Thursday, May 8, 2014

Acceptance




        There is a popular fiction that we grow wise with age. I haven't found that to be true. I've known some pretty stupid older people and I don't feel any wiser now than I did twenty years ago.

My mother had a wonderful expression: 'People don't get older, they get more so'.

         Thus, age is the great distiller.  Whatever misguided outlook people may have gone though life with is only intensified with old age. Impatient people become more impatient, bigots' beliefs are only reinforced, and the saintly believe even more deeply in the good in others.

        One thing I have learned as I've grown older is that age brings freedom. We can now shake off all those expectations put on us by others and by ourselves.  Putting aside all those stories of eighty-year-olds who finally cross the stage to get their high school diplomas, most of us are relieved to step out of the race and accept where we are in life.

        Retired teachers who remained in the classroom and never yearned for a loftier position can stop asking themselves if they were guilty of a lack of ambition. Mothers who chose to stay at home with their children no longer need to wonder if their lives would have had more meaning with a paycheck.
        And now that I’m older, I can just be. A month into retirement the thought came to me that my handwriting is never going to get any better and I realized I didn't care. I don't have to run again, ever, and, in fact, onlookers should be grateful I didn't. My math skills - basically non-existent - will never improve, I'm still unable to knit a recognizable object, and I'm probably never going to be any good at Spanish. I'm fine with that.

        At this point, society is satisfied if I'm just clean, rational, and reasonably pleasant. 
That's what I call freedom. 

16 comments:

  1. Marty, you are so spot on. I explained it to my daughter as turning the responsibility over to the next generation, and I am merely a more so spot on the planet.

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    1. I like your explanation, Joanne.

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  2. I'm still working on reasonably pleasant.

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  3. Agree on this. I thought I was getting smarter for a while, but now I'm going down hill again.

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  4. You just said everything I have always felt but probably was afraid to say. In truth this me and it is just about a good as it is going to get.

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    1. Hi Barbara- good to hear from you.

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  5. I completely agree with you about old age and retirement. wW take time and reflect on what has gone on. It makes much more sense.

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  6. Thank you so much for your comment today, on my post. I'm not sure what numerical age you are speaking about, but some of your points are very good reminders. I have not retired...and, am well past the age of so-called retirement. I agree with you, I have given up on some things I will never get better at doing. I still feel like I have mountains to climb....just taking my time at doing it! This week end, I will take some time to read more of your posts.....thanks again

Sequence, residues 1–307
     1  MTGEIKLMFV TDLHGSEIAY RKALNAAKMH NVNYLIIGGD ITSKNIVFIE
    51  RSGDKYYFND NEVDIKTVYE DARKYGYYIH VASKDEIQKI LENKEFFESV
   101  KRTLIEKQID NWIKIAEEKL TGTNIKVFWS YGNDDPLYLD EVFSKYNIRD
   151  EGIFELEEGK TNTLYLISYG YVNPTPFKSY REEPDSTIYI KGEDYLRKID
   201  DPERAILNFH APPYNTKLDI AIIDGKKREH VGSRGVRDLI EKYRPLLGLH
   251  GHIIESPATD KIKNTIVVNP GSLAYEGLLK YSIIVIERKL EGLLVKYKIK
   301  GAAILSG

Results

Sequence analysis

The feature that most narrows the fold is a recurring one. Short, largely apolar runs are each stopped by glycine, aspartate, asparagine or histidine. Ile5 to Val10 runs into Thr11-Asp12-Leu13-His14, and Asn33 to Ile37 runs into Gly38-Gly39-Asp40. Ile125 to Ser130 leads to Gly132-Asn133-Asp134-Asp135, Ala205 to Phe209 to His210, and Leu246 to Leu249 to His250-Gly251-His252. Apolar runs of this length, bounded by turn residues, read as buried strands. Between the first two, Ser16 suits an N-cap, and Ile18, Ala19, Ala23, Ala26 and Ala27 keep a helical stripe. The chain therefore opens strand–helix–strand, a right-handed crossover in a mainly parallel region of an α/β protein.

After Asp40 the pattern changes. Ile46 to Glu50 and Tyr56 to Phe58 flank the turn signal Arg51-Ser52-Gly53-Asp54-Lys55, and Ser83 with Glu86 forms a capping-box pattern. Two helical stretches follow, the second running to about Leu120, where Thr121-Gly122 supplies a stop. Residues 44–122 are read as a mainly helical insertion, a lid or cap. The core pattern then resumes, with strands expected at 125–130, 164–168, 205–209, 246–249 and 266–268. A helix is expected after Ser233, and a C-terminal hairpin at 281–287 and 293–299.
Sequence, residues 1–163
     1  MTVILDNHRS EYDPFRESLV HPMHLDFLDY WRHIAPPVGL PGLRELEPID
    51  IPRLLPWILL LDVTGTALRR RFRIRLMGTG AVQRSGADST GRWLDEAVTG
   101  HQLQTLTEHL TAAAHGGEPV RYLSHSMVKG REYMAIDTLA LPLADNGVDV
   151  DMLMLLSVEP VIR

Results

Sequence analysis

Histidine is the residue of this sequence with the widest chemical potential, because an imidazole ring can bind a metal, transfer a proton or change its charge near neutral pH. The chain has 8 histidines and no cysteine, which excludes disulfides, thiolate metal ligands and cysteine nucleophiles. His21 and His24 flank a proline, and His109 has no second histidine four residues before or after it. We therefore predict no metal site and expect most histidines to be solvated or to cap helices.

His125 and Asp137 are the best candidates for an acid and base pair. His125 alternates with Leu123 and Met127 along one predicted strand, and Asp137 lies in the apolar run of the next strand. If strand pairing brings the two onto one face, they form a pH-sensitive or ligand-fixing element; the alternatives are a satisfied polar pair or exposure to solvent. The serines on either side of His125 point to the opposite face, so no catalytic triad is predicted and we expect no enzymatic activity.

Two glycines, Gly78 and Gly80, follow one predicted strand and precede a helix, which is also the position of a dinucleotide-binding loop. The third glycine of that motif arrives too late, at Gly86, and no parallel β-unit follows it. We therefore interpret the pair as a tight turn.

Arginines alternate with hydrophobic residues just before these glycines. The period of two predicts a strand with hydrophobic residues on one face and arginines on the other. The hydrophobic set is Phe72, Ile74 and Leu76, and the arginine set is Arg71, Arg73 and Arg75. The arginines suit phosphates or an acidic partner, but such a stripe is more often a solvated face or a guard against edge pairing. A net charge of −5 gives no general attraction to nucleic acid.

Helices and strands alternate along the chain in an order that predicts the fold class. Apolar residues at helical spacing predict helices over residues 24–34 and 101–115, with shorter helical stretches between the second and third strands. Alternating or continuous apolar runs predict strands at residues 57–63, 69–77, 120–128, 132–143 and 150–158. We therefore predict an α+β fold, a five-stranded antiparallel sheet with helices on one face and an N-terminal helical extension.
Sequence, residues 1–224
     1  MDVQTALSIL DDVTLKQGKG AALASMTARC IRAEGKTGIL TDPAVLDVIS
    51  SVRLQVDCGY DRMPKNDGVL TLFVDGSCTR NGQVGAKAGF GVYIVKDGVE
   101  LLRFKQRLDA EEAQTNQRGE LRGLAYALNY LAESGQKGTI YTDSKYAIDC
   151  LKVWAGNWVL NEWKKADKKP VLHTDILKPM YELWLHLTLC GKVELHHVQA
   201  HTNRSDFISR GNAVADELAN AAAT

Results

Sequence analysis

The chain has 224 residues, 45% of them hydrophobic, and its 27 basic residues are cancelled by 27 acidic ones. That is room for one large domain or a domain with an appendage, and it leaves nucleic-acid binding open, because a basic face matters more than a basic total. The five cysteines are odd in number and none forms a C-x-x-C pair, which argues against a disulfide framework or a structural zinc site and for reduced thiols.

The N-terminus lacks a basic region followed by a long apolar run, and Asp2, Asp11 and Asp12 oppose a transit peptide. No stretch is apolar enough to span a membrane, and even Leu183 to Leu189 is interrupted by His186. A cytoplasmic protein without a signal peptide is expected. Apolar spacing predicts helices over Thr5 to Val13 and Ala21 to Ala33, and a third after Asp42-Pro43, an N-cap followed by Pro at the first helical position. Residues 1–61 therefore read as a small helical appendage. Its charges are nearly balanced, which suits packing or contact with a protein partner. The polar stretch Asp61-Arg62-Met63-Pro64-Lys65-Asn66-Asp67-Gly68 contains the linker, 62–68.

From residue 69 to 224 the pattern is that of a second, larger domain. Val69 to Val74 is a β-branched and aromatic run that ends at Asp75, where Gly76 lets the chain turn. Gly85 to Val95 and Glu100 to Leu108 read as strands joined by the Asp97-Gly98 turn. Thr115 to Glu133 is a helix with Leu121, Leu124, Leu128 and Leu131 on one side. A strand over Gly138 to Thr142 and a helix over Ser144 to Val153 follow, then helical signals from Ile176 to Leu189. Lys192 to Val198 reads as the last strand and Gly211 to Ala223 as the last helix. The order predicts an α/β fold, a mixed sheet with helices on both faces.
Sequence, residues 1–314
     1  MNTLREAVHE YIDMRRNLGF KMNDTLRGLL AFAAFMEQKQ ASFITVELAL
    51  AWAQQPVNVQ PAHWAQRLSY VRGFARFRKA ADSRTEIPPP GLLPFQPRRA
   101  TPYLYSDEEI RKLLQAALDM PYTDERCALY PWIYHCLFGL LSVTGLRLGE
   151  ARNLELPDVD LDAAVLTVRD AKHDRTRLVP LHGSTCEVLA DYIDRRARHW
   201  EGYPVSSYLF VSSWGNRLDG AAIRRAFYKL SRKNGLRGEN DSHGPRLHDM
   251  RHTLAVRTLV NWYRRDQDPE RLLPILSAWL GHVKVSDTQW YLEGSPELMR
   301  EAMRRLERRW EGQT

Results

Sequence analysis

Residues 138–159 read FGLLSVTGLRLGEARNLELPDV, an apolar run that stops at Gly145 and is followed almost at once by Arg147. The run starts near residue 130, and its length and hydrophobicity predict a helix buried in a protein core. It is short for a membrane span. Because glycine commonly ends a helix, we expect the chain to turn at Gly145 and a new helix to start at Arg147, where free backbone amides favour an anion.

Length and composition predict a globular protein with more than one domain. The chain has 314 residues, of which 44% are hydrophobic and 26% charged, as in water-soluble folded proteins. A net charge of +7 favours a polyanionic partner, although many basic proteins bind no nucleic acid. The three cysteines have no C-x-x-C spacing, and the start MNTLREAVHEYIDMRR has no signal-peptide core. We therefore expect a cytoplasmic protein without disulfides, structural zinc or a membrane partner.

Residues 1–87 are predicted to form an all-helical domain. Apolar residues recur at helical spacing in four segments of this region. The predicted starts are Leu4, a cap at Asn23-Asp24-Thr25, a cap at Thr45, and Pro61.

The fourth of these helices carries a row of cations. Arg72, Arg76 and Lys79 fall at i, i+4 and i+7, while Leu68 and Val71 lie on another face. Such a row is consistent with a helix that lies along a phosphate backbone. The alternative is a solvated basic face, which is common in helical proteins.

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  7. Marty - last October I woke up and realised I was sixty. I had intended to write a song that would be picked up by a recording artiste and would be appreciated by thousands of other people but it suddenly seemed that that would probably not happen. But I have done lots of other things since retiring from teaching as my blog shows - only I feel the time slipping away now and some of that old frustration remains.

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    1. As someone who has one novel languishing away, unpublished, with a literary agent, and a mystery I'm halfway through, I have to admit I get a little edgy about whatever time I have left. I've finally figured out what I want to do, and I'm not sure I have enough time to do it.

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    2. Oh for goodness sake you two stop moaning YP... 'only I feel the time slipping away'
      M... 'I'm not sure I have enough time to do it' What are you like? Get a grip before you actually start believing your own hype. Sixty isn't a funny age. Look forward; look back by all means but not to ponder the things you didn't do... take comfort from the things you did superbly well.

      LLX

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    3. P.S. Sorry I haven't visited you before now... for the life of me I can't think why... age probably!

      LLX

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    4. No moaning here, LL. I'm sitting fat and happy on my laurels and looking forward to earning more!

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  8. Hello Marty: I love this post, and your freedom definition! And so glad you popped over to my blog earlier so I could pop onto yours.
    Admittedly, I kind of freaked out when I turned fifty - then I thought, I probably have another 30 years or so of life in me, and boy oh boy, 30 years is a lot of time!
    Oh and my handwriting is sooo bad now; but I still take the time to write postcards and notes to friends and family, even though it takes awhile, making sure that it's legible! ;)

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